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Risk-Accepting Personality and Associated Factors among Korean Farmers

농업인의 농작업 위험 수용도 및 관련 요인

  • Youn, Ji Young (Department of Epidemiology and Health Informatics, Graduate School of Public Health, Korea University) ;
  • Choi, Yeongchull (Department of Preventive Medicine, College of Medicine, Keimyung University) ;
  • Lee, Won Jin (Department of Epidemiology and Health Informatics, Graduate School of Public Health, Korea University) ;
  • Kim, Jaeyoung (Department of Preventive Medicine, College of Medicine, Keimyung University)
  • 윤지영 (고려대학교 보건대학원 역학 및 보건정보학과) ;
  • 최영철 (계명대학교 의과대학 예방의학교실) ;
  • 이원진 (고려대학교 보건대학원 역학 및 보건정보학과) ;
  • 김재영 (계명대학교 의과대학 예방의학교실)
  • Received : 2016.07.20
  • Accepted : 2016.10.18
  • Published : 2016.10.31

Abstract

Objectives: This study aimed to examine risk-accepting personality traits and associated factors among farmers. Methods: Data were collected from farmers aged over 40 living in Goryeong, North Gyeongsang-do Province, Korea. Study participants were enrolled in the Korean Rural Cohort study from 2011 to 2014. Surveys for the risk perception of farming were made through face-to-face interviews. Chi-square tests and logistic regression analysis were conducted adjusting for gender, age, marital status, and education. Results: Several factors such as gender, age, marital status, age first worked as a farmer, duration of farming, and history of pesticide poisoning were associated with risk-accepting personality traits among farmers. Farmers with risk-accepting personalities tend to be older, less educated, and have self-employed health insurance. Farmers who started farming after the age of 50 are likely to be risk averse compared to farmers who started farming before the age of 20 (OR=0.41, 95% CI; 0.21, 0.82). Frequent spraying of pesticides was marginally associated with higher risk acceptance among female farmers (OR=1.61, 95% CI: 0.99, 2.64). Male farmers who had experienced pesticide poisoning in their lifetime showed higher odds of risk-accepting personality traits (OR=2.20, 95% CI: 1.03, 4.72) Conclusion: Risk-acceptors were more likely to spray pesticides frequently and to experience more pesticide poisoning compared to risk-averse individuals. This result suggests that farming hazards are to some degree driven by risk-accepting personality traits. Further investigation of how risk-accepting behaviors influence farming practices and pesticide poisoning is needed.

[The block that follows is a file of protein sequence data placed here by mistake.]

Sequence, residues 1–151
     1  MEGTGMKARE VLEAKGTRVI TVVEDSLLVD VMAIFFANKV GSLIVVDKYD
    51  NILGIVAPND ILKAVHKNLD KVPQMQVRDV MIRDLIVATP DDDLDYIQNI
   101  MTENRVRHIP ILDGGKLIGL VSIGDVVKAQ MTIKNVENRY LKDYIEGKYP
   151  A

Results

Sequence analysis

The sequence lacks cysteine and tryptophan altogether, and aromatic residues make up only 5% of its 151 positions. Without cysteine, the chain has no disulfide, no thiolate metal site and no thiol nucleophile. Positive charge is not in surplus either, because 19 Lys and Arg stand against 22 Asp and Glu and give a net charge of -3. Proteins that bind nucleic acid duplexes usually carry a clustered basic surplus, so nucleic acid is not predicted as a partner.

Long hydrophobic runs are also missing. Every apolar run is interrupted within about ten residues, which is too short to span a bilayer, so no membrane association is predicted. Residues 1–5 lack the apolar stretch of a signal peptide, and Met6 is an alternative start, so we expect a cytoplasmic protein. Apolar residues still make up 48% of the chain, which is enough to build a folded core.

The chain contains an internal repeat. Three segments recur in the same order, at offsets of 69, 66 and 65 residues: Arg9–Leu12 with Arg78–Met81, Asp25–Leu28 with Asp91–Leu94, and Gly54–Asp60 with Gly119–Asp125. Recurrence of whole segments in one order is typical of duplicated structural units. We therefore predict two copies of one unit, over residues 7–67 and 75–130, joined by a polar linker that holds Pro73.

Acknowledgement

Supported by : 한국연구재단

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